Employee-ownership can prevent job losses and closures when North Country business owners retire

May, 2021

Standing outside Ward Lumber in the Adirondack town of Jay, you could easily confuse the company’s namesake, Jay Ward, for a small-town mayor.

Over the course of a 30-minute, Ward repeatedly pauses to greet an incoming customer by name, complete with inquiries about family members and life over the past year. 

“If I stand here long enough, we are gonna get interrupted the whole time because it’s a community that we’ve been a part of,” Ward remarked, with more than a touch of pride.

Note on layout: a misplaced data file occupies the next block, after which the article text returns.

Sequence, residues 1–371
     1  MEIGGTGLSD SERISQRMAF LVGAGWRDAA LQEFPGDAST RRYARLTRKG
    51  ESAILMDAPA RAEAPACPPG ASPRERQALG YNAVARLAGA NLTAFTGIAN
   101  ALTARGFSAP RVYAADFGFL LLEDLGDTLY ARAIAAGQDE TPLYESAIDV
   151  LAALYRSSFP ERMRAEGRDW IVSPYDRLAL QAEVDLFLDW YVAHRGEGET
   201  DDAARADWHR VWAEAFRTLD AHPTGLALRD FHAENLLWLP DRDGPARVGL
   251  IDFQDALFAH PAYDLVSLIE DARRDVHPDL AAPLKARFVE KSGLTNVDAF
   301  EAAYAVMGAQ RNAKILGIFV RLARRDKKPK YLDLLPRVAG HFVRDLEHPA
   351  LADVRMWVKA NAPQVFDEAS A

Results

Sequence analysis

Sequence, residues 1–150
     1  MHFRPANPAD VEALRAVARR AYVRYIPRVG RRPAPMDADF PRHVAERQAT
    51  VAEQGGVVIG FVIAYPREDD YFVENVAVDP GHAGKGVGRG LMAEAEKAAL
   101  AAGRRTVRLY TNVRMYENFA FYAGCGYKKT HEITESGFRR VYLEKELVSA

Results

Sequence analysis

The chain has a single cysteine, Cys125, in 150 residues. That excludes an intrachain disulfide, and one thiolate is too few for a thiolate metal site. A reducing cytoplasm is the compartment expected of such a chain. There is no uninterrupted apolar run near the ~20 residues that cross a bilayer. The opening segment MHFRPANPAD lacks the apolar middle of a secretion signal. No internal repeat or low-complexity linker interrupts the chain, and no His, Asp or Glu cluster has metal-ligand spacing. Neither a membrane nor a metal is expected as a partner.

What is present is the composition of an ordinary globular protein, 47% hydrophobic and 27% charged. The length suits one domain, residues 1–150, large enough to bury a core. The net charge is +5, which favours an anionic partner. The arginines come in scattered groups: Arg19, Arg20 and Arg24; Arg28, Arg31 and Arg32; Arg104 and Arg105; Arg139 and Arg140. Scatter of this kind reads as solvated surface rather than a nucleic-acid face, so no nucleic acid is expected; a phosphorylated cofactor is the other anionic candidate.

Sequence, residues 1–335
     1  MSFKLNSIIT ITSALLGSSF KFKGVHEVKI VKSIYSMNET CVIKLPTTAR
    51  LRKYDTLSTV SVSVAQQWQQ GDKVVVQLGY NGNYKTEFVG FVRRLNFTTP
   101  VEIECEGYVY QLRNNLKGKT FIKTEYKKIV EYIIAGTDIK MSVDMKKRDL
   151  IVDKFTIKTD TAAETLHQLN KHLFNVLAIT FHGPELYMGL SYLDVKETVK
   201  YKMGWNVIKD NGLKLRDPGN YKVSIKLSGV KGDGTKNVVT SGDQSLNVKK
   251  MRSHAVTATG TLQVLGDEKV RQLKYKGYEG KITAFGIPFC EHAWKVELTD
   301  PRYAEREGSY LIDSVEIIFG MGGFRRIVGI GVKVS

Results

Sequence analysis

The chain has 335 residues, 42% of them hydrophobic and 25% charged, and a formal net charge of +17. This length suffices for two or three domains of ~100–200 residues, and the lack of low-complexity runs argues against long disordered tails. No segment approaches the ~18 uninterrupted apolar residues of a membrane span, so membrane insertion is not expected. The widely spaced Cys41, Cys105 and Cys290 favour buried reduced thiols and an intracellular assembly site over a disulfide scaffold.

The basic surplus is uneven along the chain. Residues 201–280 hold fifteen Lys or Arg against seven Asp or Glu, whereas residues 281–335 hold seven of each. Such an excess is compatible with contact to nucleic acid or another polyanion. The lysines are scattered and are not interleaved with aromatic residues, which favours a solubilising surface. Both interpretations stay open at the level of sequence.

His company is a true local institution. Started by Jay Ward’s great grandfather in 1890 as both a lumber mill and sale yard, Ward Lumber has been in operation for more than 130 years.

Jay is the fourth generation of Ward’s to own and operate the business; a job he’s held for more than 30 years. His brother owns the adjacent lumber mill that still supplies much of their product.

But for the first time in its 131 year existence, Ward Lumber is no longer owned by a member of the Ward family.

“This has been a lot of fun for 33 years, but I can’t handle another 33 years of that much fun.,” Ward quipped when asked about his decision to step back. 

Read and listen to the full story on North Country Public Radio